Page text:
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Boto © Fernando Trujillo

Meet the legendary pink river dolphins

Meet the legendary pink river dolphins

Botos don’t look or live like other dolphins. Flamingo-pink all over with super-skinny snouts and chubby cheeks, they certainly stand out in a crowd. And they never set a flipper in the ocean – home is the fresh, flowing waters of three mighty South American river basins: the Amazon, Orinoco and Tocantins-Araguaia. The botos’ magnificent realm…

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Amazon River dolphin (Boto)

River dolphins observed playing with anaconda

Researchers in Bolivia recorded an unusual interaction between local rivers dolphins and an anaconda snake last year in the Tijamuchi river. The two species would not normally interact but on this occasion a group of dolphins, some of which appeared to be juveniles, were seen carrying the snake through the water. At times the dolphins…

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Working with Amazon communities to protect pink river dolphins

Whale and Dolphin Conservation is a founding supporter of the Natutama Foundation. Natutama works in the Colombian Amazon developing important and often ground-breaking conservation and education projects with communities to protect dolphins, manatees and other wildlife.  Natutama means ‘everything under the water’ in the Amazon Indian Ticuna language. The Natutama Foundation and the Amazon indigenous communities…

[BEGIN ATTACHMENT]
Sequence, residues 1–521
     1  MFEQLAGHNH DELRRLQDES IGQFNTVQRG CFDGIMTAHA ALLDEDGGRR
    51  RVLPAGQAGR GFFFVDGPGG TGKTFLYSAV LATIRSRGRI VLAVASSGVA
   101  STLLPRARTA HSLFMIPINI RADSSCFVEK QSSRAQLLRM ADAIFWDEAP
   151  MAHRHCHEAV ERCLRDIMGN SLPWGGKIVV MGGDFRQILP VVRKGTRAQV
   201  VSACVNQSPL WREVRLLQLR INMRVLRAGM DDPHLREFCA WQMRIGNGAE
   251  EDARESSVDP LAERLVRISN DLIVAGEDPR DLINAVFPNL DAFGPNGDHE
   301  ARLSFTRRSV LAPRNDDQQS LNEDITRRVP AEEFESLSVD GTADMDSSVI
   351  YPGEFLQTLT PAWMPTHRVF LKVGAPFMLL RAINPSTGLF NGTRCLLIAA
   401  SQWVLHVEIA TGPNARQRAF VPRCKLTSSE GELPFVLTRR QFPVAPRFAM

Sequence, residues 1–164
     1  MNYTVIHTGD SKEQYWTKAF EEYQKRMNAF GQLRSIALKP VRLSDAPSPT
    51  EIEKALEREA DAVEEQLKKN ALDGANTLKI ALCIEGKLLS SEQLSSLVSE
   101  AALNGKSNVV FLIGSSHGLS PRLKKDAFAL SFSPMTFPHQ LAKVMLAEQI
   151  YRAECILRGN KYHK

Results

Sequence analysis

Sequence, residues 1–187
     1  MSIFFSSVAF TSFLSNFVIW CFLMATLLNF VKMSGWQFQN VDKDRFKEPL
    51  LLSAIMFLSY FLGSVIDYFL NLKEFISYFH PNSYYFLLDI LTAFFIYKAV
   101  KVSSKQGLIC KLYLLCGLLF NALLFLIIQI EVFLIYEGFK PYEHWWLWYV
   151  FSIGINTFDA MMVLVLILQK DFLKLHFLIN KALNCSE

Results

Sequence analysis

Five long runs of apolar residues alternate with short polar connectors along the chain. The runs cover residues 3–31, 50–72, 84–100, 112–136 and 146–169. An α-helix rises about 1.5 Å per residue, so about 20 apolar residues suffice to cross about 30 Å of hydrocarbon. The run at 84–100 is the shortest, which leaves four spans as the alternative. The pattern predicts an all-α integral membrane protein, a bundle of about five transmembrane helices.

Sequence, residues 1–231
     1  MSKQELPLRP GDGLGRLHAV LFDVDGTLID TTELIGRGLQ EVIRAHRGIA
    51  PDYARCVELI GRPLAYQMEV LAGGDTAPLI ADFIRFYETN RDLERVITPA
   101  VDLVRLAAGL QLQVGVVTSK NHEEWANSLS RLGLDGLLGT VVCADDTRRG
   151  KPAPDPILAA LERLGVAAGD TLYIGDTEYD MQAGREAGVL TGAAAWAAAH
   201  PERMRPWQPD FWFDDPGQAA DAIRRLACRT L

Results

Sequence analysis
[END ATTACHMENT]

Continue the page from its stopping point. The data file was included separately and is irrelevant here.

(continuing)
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Franciscana dolphin

Franciscana

See all species The franciscana is a small dolphin with a very long, slender beak – in fact they hold the record for the longest beak in proportion to body size, of any dolphin. The franciscana’s beak is 15 percent of the total body length. Franciscanas live only in the shallow, coastal waters of the southwestern Atlantic of…

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South Asian river dolphin

South Asian river dolphin

See all species Although they now live in separate Asian river systems, the Ganges and Indus River dolphins look identical because they share a common ancestor. They are currently categorised as subspecies and scientists are considering the evidence that they have evolved into two species. Sadly, both are endangered; there are only one to two…

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